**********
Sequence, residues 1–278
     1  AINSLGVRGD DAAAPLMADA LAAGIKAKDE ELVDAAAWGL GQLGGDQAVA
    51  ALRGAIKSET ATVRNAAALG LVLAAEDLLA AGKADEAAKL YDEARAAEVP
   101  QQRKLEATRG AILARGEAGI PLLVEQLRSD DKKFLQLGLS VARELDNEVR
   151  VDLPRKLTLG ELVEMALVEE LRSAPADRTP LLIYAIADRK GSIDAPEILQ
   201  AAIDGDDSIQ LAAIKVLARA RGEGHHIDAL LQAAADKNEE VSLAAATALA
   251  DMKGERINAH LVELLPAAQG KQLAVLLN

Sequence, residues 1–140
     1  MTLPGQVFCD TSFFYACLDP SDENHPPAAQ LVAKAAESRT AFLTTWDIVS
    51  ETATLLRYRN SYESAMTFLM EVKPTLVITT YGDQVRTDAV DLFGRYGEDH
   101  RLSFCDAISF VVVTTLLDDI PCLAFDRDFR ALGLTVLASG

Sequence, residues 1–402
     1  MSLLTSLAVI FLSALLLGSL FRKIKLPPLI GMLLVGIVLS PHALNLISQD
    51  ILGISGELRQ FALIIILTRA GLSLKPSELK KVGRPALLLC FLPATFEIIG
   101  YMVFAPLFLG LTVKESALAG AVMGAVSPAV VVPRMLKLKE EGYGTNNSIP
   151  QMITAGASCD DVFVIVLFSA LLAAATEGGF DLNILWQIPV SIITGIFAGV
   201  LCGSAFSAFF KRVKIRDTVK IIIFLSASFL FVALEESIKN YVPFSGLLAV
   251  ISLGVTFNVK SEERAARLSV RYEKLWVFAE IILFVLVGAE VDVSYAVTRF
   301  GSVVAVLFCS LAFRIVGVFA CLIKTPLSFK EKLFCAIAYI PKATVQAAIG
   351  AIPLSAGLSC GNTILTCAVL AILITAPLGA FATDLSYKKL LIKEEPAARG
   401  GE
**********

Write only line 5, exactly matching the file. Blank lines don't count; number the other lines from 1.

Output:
   151  VDLPRKLTLG ELVEMALVEE LRSAPADRTP LLIYAIADRK GSIDAPEILQ